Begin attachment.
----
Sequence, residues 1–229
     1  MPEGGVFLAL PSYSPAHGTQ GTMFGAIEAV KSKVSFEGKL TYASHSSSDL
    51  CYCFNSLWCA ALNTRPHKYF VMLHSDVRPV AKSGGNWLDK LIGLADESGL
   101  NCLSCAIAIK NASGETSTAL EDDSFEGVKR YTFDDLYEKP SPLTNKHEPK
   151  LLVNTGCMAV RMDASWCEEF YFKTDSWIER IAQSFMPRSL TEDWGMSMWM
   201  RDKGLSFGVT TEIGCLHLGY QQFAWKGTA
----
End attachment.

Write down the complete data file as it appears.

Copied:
Sequence, residues 1–229
     1  MPEGGVFLAL PSYSPAHGTQ GTMFGAIEAV KSKVSFEGKL TYASHSSSDL
    51  CYCFNSLWCA ALNTRPHKYF VMLHSDVRPV AKSGGNWLDK LIGLADESGL
   101  NCLSCAIAIK NASGETSTAL EDDSFEGVKR YTFDDLYEKP SPLTNKHEPK
   151  LLVNTGCMAV RMDASWCEEF YFKTDSWIER IAQSFMPRSL TEDWGMSMWM
   201  RDKGLSFGVT TEIGCLHLGY QQFAWKGTA